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House Passes Largest Student Aid Investment In U.S. History

By Tonya Malinowski

Congressman Christopher Murphy came to CCSU Friday to discuss the Fiscal Aid and Responsibility Act passed by the House of Representatives this week.

The bill allocates $87 billion over ten years in federal funding for higher education and an increase for Pell grants and is the largest investment in student aid in the history of the United States.

“As a Connecticut resident who is currently paying back student loans, my wife and I both understand the burden of student loans on young families,” said Murphy, representative of Connecticut’s fifth district.

The bill removes subsidy programs through private lenders and instead allows student loans to go directly through the government. Because the government no longer has to pay these subsidies, the savings go directly back into higher education.

“It’s done through absolutely no cost to the taxpayers of this country,” said Murphy. “It also puts the $10 billion left over back into the deficit.”

The Pell Grant, currently capped at $5,350 per student per academic year will be raised to $5,500 next year and nearly $7,000 by 2019. It also indexes the grant to the cost of living, with the maximum rising along with the Consumer Price Index plus an additional one percent.

“We pat the House of Representatives on the back for helping make college more affordable,” said Dennis Williams, associate director of financial aid.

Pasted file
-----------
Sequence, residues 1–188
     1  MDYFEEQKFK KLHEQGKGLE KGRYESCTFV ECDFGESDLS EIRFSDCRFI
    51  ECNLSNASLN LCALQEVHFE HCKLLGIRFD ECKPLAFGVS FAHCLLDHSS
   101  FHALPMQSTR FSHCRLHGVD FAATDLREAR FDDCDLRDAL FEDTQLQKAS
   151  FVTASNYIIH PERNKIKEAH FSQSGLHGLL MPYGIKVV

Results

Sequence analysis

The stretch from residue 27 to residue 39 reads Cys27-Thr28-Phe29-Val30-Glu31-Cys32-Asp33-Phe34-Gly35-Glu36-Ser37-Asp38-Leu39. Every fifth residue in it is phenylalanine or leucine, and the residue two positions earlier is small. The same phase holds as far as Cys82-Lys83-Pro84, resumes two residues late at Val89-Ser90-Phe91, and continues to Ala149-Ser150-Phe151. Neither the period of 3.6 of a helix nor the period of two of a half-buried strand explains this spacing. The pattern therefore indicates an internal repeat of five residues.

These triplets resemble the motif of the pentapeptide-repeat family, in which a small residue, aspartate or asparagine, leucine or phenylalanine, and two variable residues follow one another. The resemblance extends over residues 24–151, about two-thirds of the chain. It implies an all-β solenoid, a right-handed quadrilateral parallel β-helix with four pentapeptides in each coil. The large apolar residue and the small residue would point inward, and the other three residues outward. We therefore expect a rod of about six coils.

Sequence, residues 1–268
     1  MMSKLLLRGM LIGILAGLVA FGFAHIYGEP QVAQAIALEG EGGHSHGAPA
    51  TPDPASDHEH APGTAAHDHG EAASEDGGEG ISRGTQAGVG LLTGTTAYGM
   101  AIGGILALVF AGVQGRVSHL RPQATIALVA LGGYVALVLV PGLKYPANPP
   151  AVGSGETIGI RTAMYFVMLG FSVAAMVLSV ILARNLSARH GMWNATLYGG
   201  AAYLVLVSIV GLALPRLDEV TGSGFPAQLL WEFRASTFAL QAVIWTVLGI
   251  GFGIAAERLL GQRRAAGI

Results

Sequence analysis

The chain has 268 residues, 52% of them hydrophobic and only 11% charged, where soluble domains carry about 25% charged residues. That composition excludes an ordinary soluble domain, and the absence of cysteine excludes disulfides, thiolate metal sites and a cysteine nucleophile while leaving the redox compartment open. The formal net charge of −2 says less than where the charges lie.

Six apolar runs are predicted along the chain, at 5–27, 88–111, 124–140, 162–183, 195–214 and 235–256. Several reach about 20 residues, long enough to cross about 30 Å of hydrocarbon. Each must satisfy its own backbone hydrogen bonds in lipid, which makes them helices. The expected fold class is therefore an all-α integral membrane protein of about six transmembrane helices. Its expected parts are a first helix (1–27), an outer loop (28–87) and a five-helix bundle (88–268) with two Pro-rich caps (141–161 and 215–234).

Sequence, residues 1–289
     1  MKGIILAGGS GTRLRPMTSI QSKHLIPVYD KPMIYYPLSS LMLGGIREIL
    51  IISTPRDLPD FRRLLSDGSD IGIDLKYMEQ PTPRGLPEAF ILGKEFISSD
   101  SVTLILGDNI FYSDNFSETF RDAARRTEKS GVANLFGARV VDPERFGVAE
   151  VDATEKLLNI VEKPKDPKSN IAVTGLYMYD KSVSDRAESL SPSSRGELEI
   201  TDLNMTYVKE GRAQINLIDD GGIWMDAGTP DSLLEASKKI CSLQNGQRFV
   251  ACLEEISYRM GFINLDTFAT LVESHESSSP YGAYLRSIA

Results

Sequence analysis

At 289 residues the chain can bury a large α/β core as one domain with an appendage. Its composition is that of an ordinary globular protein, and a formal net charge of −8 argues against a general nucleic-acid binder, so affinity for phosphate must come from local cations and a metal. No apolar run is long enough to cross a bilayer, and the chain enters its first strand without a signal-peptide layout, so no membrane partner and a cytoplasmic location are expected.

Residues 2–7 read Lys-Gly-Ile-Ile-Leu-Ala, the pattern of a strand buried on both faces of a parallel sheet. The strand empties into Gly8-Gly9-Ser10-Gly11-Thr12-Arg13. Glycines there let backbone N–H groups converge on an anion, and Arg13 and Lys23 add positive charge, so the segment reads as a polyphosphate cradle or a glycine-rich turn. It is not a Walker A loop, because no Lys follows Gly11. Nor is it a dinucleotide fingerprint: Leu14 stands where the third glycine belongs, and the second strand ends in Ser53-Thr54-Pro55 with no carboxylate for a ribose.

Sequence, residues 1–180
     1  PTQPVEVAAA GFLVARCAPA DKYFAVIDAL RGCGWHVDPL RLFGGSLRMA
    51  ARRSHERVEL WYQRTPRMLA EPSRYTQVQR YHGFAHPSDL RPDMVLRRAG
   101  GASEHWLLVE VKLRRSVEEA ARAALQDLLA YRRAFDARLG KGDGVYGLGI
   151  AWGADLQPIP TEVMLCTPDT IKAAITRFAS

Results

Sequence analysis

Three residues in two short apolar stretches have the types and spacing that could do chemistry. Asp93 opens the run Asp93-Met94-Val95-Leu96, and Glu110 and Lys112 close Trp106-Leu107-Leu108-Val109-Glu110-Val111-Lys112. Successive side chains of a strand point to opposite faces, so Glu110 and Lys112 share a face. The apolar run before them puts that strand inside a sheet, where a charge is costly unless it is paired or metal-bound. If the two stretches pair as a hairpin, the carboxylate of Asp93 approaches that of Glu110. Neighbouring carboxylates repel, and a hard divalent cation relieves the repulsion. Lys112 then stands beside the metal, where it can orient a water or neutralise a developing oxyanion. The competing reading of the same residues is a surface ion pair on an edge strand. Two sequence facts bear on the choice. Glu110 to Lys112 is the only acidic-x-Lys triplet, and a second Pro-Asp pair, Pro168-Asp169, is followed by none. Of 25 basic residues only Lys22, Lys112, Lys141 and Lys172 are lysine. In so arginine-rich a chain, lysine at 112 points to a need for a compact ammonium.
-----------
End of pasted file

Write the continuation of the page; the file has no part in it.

The bill passed by a 253 to 171 vote and is expected to pass through senate rather quickly. All colleges would then be required to have the direct loan program in use by July 1, 2010.

Ten million dollars of the act is reserved exclusively for community college funding, and another $10 billion for early childhood education programs.

Murphy, in his second term as congressman, believes that there need to be even more colleges investing in this program and even more federal funding given to states to help control the price of tuition at public universities.“I don’t think there even is a downside to this,” Murphy said. “I hope with this we can get more students through the doors here at CCSU.”

Subsidized and unsubsidized Stafford loans are maintained by the act, but the interest rates will become fixed at 3.4 percent.

“I’m amazed at what it’s doing,” Student Government Association President Andrew Froning said. “It will make FAFSA so much easier and help students be able to actually get through it and be able to access that money.”

The bill also has allotments for tuition abatement and scholarships for veterans along with the increase in funding for the Pell Grant, which currently helps over 12,000 students in the state Connecticut.

Murphy said the most important thing is being proactive in getting the bill passed by Senate and getting into action as quickly as possible.

“We will not just keep our fingers crossed that this bill passes,” he said.